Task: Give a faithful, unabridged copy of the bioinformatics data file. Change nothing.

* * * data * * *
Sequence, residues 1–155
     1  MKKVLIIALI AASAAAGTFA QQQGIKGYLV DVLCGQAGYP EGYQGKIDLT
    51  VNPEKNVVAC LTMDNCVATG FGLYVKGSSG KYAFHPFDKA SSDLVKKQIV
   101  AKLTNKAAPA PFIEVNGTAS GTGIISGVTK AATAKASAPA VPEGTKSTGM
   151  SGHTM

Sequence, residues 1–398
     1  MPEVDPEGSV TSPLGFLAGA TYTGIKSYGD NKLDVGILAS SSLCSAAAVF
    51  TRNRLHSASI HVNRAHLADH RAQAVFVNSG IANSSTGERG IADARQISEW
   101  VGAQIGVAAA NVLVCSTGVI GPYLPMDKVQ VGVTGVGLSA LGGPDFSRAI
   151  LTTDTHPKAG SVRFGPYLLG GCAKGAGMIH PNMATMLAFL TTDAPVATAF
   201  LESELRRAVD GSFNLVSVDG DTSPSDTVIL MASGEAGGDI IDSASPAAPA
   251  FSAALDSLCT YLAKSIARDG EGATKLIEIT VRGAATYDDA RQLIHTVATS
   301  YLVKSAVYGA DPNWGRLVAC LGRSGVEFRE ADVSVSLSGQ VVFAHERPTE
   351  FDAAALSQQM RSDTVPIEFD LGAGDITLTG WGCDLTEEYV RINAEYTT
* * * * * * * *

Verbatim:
Sequence, residues 1–155
     1  MKKVLIIALI AASAAAGTFA QQQGIKGYLV DVLCGQAGYP EGYQGKIDLT
    51  VNPEKNVVAC LTMDNCVATG FGLYVKGSSG KYAFHPFDKA SSDLVKKQIV
   101  AKLTNKAAPA PFIEVNGTAS GTGIISGVTK AATAKASAPA VPEGTKSTGM
   151  SGHTM

Sequence, residues 1–398
     1  MPEVDPEGSV TSPLGFLAGA TYTGIKSYGD NKLDVGILAS SSLCSAAAVF
    51  TRNRLHSASI HVNRAHLADH RAQAVFVNSG IANSSTGERG IADARQISEW
   101  VGAQIGVAAA NVLVCSTGVI GPYLPMDKVQ VGVTGVGLSA LGGPDFSRAI
   151  LTTDTHPKAG SVRFGPYLLG GCAKGAGMIH PNMATMLAFL TTDAPVATAF
   201  LESELRRAVD GSFNLVSVDG DTSPSDTVIL MASGEAGGDI IDSASPAAPA
   251  FSAALDSLCT YLAKSIARDG EGATKLIEIT VRGAATYDDA RQLIHTVATS
   301  YLVKSAVYGA DPNWGRLVAC LGRSGVEFRE ADVSVSLSGQ VVFAHERPTE
   351  FDAAALSQQM RSDTVPIEFD LGAGDITLTG WGCDLTEEYV RINAEYTT